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7/8/10
No Need to Be on the Fence about Denzel Washington in “Fences”
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Two productions with major stars in leading roles have only a handful of performances remaining.  For one play, the tickets are free; for the other, you will probably have to pay upwards of $400.

Common sense (and economics) would suggest that the former is a better deal than the latter.  Seeing Al Pacino as Shylock in The Merchant of Venice is a better bargain—regardless of how long you wait in line for free tickets—over the $429.50 you’ll have to pay for one of the last remaining premium tickets to see Denzel Washington in the Tony-winning revival of Fences… right?

I have to say: wrong.

Pacino’s Shylock—and Daniel Sullivan’s production of The Merchant of Venice as a whole—is coherent and watchable. On occasion it’s even stylish and entertaining.  But it is not really a major theatrical event (like last year’s Twelfth Night with Anne Hathaway or The Seagull with Meryl Streep 10 years ago) mainly because it doesn’t feel special.  Pacino has done Shylock in a film, his performance is no revelation: he adopts the same affected voice he normally does on stage whether he’s performing Brecht or Eugene O’Neill.  He’s a good Shylock, just not one that will burn deep in your memory.

Denzel Washington as Troy Maxson in FencesThat’s not the case with Denzel Washington’s Troy Maxson.  It’s a performance that you won’t forget.  (I’ve seen many good productions of Fences, including the one staged in the late Pasadena Playhouse a few years back, starring Lawrence Fishburne as Troy Maxson.  This Broadway revival blows that out of the water.)  Denzel gives a volcanic performance as the Negro League star-turned-Pittsburgh garbage man.  Washington inhabits the role, making him funny, tragic, charming, and larger than life.

The role plays to his movie stars strengths.  Washington’s good looks and million-dollar smile don’t diminish the character’s complexity or make him seem glamorous—instead they help build his mystique and add to Troy Maxson’s epic complexity.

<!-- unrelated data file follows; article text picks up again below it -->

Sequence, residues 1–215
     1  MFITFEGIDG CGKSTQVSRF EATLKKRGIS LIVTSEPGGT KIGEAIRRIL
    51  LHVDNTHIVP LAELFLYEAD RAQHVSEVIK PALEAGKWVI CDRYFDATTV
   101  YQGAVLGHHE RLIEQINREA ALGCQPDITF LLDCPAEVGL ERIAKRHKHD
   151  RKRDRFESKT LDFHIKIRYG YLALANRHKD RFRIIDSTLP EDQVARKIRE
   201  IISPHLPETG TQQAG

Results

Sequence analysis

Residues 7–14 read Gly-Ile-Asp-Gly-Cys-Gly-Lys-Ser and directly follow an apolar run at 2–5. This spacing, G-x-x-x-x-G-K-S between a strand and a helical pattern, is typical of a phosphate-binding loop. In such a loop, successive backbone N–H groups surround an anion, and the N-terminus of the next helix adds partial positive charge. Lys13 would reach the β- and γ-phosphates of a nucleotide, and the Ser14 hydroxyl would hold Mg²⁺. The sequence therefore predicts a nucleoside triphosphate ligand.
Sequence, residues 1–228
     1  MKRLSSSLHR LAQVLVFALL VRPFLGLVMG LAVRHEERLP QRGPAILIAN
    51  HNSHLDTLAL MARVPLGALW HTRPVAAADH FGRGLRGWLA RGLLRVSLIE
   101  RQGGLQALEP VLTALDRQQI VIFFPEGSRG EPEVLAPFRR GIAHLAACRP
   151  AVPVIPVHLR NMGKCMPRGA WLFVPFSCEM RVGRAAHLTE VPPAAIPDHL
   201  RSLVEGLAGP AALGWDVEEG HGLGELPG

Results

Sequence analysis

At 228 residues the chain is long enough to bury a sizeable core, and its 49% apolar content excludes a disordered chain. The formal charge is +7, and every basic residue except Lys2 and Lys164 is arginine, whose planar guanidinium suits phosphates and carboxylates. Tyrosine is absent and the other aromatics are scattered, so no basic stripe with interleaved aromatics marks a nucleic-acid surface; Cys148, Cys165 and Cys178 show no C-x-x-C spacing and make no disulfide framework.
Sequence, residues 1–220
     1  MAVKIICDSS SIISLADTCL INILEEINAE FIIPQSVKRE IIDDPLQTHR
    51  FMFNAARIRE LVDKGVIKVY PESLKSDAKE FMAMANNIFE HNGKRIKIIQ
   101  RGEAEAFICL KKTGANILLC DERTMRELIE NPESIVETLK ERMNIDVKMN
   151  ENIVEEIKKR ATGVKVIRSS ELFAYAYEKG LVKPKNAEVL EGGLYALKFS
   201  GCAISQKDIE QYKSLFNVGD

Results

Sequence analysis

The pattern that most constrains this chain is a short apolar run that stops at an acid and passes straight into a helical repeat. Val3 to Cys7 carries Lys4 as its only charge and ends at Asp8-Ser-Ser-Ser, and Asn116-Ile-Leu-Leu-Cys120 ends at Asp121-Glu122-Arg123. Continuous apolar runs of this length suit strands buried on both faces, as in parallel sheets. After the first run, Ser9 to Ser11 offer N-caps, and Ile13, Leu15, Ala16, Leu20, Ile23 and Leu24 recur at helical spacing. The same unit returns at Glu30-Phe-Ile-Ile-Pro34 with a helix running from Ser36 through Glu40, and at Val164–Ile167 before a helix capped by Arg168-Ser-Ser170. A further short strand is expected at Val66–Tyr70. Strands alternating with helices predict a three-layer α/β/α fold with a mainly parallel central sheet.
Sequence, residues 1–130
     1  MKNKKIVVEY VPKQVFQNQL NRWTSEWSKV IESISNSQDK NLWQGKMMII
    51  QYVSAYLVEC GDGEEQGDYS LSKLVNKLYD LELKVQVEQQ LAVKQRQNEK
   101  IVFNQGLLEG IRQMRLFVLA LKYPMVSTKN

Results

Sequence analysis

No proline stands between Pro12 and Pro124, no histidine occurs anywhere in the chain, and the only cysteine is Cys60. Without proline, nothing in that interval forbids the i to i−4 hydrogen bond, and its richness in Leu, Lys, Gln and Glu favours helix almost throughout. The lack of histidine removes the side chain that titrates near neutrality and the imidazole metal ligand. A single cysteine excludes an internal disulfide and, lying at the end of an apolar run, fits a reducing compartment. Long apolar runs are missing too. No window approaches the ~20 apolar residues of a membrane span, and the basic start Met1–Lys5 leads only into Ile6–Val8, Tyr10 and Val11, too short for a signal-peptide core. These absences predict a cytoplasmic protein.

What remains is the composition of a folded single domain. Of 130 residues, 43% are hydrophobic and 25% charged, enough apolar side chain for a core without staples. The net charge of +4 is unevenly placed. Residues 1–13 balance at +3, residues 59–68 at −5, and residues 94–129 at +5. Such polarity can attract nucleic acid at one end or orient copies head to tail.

Washington is matched by the equally volcanic performance of Viola Davis as Maxson’s wife Rose.  She takes command of the second act and in Kenny Leon’s expertly directed revival one feels her character almost emerges as the principal role in the play.

Fences is arguably on the short list of the finest American plays of the 20th century (it is surely August Wilson’s most accessible work).  This revival’s ability to both capture its greatness (in Washington’s performance) and provide new perspective on it (Davis’ turn) is why spending any sum of money is probably worth it for any serious theater aficionado.

If you can’t muster the $429.50 for Fences, there is another classic American drama closing on Sunday that’s also worth a look: Lillian Hellman’s Another Part of the Forest.  Written seven years after her 1939 hit, The Little Foxes, Another Part of the Forest is a prequel that further charts the scheming of the Hubbard family.

The Peccadillo Theater Company’s revival (directed by Dan Wackerman) makes a convincing case that Forest should be considered in the same league as the much-revived Foxes.  The drama is tight, the dialogue has snap, and like Foxes, Forest is full of big personalities all of whom cannot fit under one roof.  The play’s one fault (and likely the reason it’s never been revived on Broadway) is that it feels so similar in structure to Foxes.

Luckily, Foxes is a great play, so complaining too much about Forest’s similarities is truly a case of too much of a good thing.  The enjoyment of the play is also helped by the capable cast assembled at the Theatre at St. Clement’s on 46th.  The ensemble is strong (especially Sherman Howard as the patriarch, Marcus Hubbard), the costumes and sets more than adequate, and the nearly three-hour play clicks along nicely.  Oh, and like Fences, the tickets are more expensive than before: now $45 instead of the original $25.  And like Fences, it’s worth the extra money.

Image: Denzel Washington as Troy Maxson in August Wilson’s Fences. Photo by Joan Marcus.

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SundayArts is made possible in part by First Republic Bank and by the Rubin Museum of Art. Funding for SundayArts is also made possible by Rosalind P. Walter, The Paul and Irma Milstein Foundation, The Philip & Janice Levin Foundation, Elise Jaffe and Jeffrey Brown, Jody and John Arnhold, and The Lemberg Foundation. This program is supported, in part, by public funds from the New York City Department of Cultural Affairs in partnership with the City Council. Additional funding provided by members of THIRTEEN.